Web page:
Ironworks employee who had thumb amputated in accident won’t be compensated due to Brexit, boss claims
PUBLISHED: 13:00 05 March 2019 | UPDATED: 07:53 06 March 2019
An ironworks owner has claimed he cannot pay compensation to an ex-employee who had a thumb amputated after an accident at work as Brexit has forced the business to close.
Edward Flitton owns and runs Hever Ironworks in Stalham.
On Valentine’s Day, 2017, one of the four employees at the ironworks was operating a drill when the heavy duty gloves she was wearing became entangled in the machinery.
Despite 86 hospital visits and lengthy spells in surgery it was not possible to save the thumb, Norwich Crown Court heard on Tuesday.
Flitton admitted failing to discharge his duty to protect the health and safety of his employees, failing to report the accident and failing to put in place liability insurance.
It meant his employee could not pursue a claim against him in the civil courts.
And giving evidence on Tuesday, Flitton claimed his business will have to close next month after accruing £21,000 of debts as orders have “fallen off a cliff” due to Brexit.
In recent years the company had made between £6,000 and £10,000 profit annually.
“The bank has lost confidence in the business because of the downturn in income and they are not honouring any finance,” Flitton, 60, told the court.
“Since May it has been in decline and in the last few weeks the orders have just fallen off a cliff. It is what everyone says about Brexit.
“We should sell £500 worth a week to wipe our face, and sales the week before last were £30.
“The overseas market probably accounts for 30pc but in the last few weeks the exports have virtually stopped. Nobody is going to buy anything which they think might end up stuck in a warehouse somewhere.
“Rent is due next month and I don’t have it, so I shall have to give notice on the premises and clear out.
“There is no point in carrying on a business that is losing money. I would just end up deeper in debt.”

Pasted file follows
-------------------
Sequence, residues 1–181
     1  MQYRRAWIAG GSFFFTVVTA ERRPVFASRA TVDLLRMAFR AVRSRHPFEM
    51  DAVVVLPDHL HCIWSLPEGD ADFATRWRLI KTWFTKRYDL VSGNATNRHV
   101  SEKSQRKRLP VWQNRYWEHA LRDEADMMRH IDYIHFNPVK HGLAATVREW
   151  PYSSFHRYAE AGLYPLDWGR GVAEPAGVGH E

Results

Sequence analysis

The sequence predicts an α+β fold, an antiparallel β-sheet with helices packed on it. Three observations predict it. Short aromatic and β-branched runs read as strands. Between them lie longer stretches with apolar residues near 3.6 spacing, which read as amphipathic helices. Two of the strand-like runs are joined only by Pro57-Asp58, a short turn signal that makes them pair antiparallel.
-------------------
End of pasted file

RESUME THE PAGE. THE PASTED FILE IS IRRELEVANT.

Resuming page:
Judge Katharine Moore told Flitton he “richly deserves” to be forced to pay compensation to the former employee, but she could not make an order if he has nothing to pay.
“You have displayed a cavalier approach to the health and safety of your employees,” she told Flitton. “You were motivated by self interest and a lack of due regard to your employees.
“You claim the business is about to come to an end, and through your failings you leave [the employee] with no obvious remedy.”
She added the former employee had still not been able to work and is now suffering from depression.
“It was as a consequence of the way in which you failed to manage the risk upon her,” she said.
“The injury was significant. In short, despite lengthy spells in surgery it has not been possible to save the thumb.
“She has endured 86 visits to hospital and significant pain, distress and limitation of her day to day activities.”
She told Flitton he had “exposed his workers to a risk of harm”.
“While you may consider gloves may form some protection you did not consider entanglement,” she said. “She was never told not to hold castings or wear gloves. On the contrary, she was told to wear heavy duty gloves, totally unsuitable for the work she was doing.
“You yourself had not appreciated the risks. The HSE takes the view wearing gloves renders your system of work unsafe.
“This exposed your workers to a risk of harm. It is all the more serious because you didn’t hold the compulsory insurance which would have enabled her to receive recompense.”
Flitton, of Union Road, Smallburgh, was given a 12-month community order with 120 hours of unpaid work, and handed a £300 fine.